After a person dies, someone has to take responsibility for their assets and pay their debts. Where a person is appointed by a will, that person is called an "executor".
If there is no will, or the will does not name an executor, or the named executor doesn't want to be the executor, then the person appointed to finalise the estate is called an "administrator".
Executor vs. administrator – what's the difference?
An executor is chosen by the person making the will, whereas an administrator is appointed by the court.
Another difference is in the form of the application that is made:
- Where there is a will and a named executor, the executor applies to the Supreme Court for a grant of "probate" of the will.
- If there is no will, the applicant applies to the Court for a grant of "letters of administration".
- If there is a will but it does not name an executor (or if the named executor refuses to apply), the applicant applies to the Court for a grant of "letters of administration with the will annexed".
A grant of probate or letters of administration are orders of the Court giving the executor or administrator (as the case may be) the authority to deal with the deceased’s persons property.
An administrator has the same responsibilities and powers as an executor. Accordingly, in this article, a reference to an executor includes an administrator.
How to apply for a grant
In making an application to the Supreme Court, the executor must lodge a formal application in the Supreme Court with the original will and original death certificate, along with an affidavit (a sworn statement) containing:
The Court charges a filing fee for an application for probate or letters of administration.
There are many duties imposed on the executor of an estate. The most important of the executor's duties is to act in the best interests of the estate and all the beneficiaries.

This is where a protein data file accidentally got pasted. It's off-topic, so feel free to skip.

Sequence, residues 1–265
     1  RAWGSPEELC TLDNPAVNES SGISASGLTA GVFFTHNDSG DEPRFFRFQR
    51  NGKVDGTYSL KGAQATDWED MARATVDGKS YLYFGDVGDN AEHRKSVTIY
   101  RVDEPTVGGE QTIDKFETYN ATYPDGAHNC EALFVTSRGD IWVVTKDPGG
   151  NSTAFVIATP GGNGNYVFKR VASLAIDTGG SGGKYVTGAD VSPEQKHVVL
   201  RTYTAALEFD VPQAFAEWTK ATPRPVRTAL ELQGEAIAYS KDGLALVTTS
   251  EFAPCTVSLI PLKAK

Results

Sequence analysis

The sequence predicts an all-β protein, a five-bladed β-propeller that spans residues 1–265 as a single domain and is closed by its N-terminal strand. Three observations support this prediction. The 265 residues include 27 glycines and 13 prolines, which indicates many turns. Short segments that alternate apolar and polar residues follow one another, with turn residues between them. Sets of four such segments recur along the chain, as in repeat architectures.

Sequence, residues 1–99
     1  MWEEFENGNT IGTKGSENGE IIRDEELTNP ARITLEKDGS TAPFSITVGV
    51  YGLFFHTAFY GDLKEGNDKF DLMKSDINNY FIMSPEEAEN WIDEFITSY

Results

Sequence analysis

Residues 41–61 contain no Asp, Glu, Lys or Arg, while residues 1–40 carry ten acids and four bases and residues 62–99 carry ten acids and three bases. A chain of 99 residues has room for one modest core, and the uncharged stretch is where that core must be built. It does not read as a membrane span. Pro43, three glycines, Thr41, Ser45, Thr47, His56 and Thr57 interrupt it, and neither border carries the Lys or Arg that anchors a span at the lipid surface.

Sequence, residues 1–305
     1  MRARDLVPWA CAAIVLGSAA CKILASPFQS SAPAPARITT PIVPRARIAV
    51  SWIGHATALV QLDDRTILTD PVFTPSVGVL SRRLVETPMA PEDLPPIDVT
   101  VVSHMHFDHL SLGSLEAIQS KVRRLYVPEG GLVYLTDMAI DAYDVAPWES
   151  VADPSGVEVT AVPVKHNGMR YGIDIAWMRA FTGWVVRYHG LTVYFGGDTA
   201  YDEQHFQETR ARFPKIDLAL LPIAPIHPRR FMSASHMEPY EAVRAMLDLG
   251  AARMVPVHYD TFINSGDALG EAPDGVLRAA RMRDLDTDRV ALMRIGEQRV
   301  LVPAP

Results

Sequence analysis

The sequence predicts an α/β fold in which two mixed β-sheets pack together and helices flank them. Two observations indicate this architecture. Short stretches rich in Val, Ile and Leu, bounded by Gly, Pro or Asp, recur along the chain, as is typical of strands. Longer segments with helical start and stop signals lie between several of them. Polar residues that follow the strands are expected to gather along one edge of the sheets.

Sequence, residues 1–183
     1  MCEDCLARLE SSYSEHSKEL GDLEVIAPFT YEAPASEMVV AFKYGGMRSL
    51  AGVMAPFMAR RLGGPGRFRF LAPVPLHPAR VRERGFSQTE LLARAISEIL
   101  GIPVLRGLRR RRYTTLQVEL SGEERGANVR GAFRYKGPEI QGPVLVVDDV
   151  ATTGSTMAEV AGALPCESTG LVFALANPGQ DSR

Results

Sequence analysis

The relationship between executor and beneficiary is considered a fiduciary relationship, which means the executor must act in utmost good faith and put the interests of the estate and all beneficiaries above his or her own self-interest.
In addition to a duty of utmost good faith, here are some other examples of executor's duties:
- Identify and (if necessary) notify the beneficiaries that the deceased has passed away and that you intend to apply for a grant of probate or letters of administration.
- Arrange the funeral
- Arrange safekeeping of the deceased's assets - make an itemised list
- Obtain a grant of probate or letters of administration
- Take care of any business interests and protect any income sources (including debts owed to the deceased)
- Invest any surplus money appropriately while adminstering the estate
- Insure valuable property appropriately
- Complete the deceased's income tax returns
- Keep accurate records
- Any land in the name of the deceased can be transferred to the executor by lodging the grant of probate with Landgate, together with an application to transfer the land known as a “transmission application"
- Publish a notice pursuant to section 63 of the Trustees Act 1962 (WA)
- Establish any trusts required under the will or by law, such as a minor trust under section 17A of the Administration Act 1903 (WA)
- Distribute the deceased's estate in accordance with the will or the law, and within a reasonable time
The "executor's year"
It is generally accepted that 12 months is a reasonable time for finalising an estate. This is known as the "executor's year". This is not a hard and fast rule, of course, and some estates take longer than this to finalise. However, an executor of an estate should keep in mind that they may become personally liable to pay interest on legacies if they cannot justify any delay in administering the estate.
If you have any questions or want to know more about applying for probate or administering an estate, please contact us